By ELISSA GOOTMAN
Published: October 12, 2007
In Madonna G. Constantine’s classroom at Columbia University’s Teachers College, emotions can run high. “People have cried in class,” said Dr. Constantine, 44, a professor of psychology and education who specializes in the study of how race and racial prejudice can affect clinical and educational interactions. “Uncovering those issues, students often get to a place where it can be painful.”
In an interview in her office, a suite peppered with academic tomes and mugs from psychology conferences, Dr. Constantine said she remained mystified over who could be responsible for leaving a noose dangling on her office door at Teachers College this week.
“I really don’t have any idea of who could have done that,” she said. “Is there anything that I’ve experienced that’s close? I would say no.”
As she gave a round of interviews yesterday, the Federal Bureau of Investigation and the Department of Justice joined the investigation into the noose being conducted by the Hate Crimes Task Force of the New York Police Department.
A police spokesman, Paul J. Browne, said yesterday that there were still no suspects.
College officials and the Police Department sparred publicly yesterday over the department’s request that Teachers College turn over hours of video from a number of security cameras. But college officials said there was no camera in the hallway by Dr. Constantine’s office.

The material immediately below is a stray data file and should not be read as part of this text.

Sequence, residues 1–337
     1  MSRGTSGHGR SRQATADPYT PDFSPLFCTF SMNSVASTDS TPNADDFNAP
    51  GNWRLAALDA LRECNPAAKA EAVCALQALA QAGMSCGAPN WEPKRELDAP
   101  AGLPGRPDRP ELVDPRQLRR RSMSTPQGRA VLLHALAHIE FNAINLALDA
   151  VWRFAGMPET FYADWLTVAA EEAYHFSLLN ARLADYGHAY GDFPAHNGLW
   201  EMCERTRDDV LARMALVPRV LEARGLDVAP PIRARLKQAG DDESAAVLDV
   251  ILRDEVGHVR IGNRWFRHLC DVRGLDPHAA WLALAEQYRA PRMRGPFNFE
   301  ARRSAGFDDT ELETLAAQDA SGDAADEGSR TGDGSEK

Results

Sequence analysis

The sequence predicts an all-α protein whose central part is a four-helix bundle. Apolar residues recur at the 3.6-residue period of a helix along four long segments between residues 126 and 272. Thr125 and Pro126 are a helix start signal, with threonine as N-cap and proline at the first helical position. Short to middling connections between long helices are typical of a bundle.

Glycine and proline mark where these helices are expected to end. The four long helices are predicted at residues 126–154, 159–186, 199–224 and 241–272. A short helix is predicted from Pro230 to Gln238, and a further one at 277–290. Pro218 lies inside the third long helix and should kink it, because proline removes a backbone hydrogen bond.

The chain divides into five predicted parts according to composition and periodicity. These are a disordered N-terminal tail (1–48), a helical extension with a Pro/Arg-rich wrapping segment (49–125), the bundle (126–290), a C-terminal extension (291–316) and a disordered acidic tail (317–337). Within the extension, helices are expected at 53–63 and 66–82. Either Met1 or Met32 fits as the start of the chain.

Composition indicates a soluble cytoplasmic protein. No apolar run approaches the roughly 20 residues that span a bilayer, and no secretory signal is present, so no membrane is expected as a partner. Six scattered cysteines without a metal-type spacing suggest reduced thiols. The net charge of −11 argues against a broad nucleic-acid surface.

In a separate case, the president of Columbia University, Lee C. Bollinger, reported that an “anti-Semitic smear” had been found yesterday in a bathroom in a campus building, Lewisohn Hall. The police said a swastika and a caricature of a man wearing a yarmulke had been drawn in black ink on a stall door.
In the noose case, Mr. Browne said yesterday that the police were “disappointed and surprised” that Teachers College had refused to turn over its security camera footage without a subpoena. “It is always important to get information as soon as possible,” he said. “You don’t want to give the perp time to concoct a story or cover their tracks.”
But Susan H. Fuhrman, the president of Teachers College, said she was “surprised and distressed” to learn of the police criticism. She said the subpoena policy was standard for educational institutions, adding, “We have students here whose privacy we try to protect.”
She said that the college was committed to cooperating with the police and that by the time the police arrived with the subpoena early yesterday evening, the college had already downloaded the video to hand over to officers.
“There’s been open communication all along with the Police Department,” she said.
As for Dr. Constantine, Dr. Fuhrman said she had heard “nothing but accolades” from her students. “She’s well respected in her field,” she said. “Probably her work engenders passionate debate, but I could name 100 other people here who you can say the same thing about.”
In the interview, Dr. Constantine described growing up in Lafayette, La., the third of five children. Her father works as a bartender at a private club for people in the petroleum industry; her mother was a teacher’s aide working with special education students.
Her parents, who attended college but did not graduate, saved their money to send their children to Catholic schools.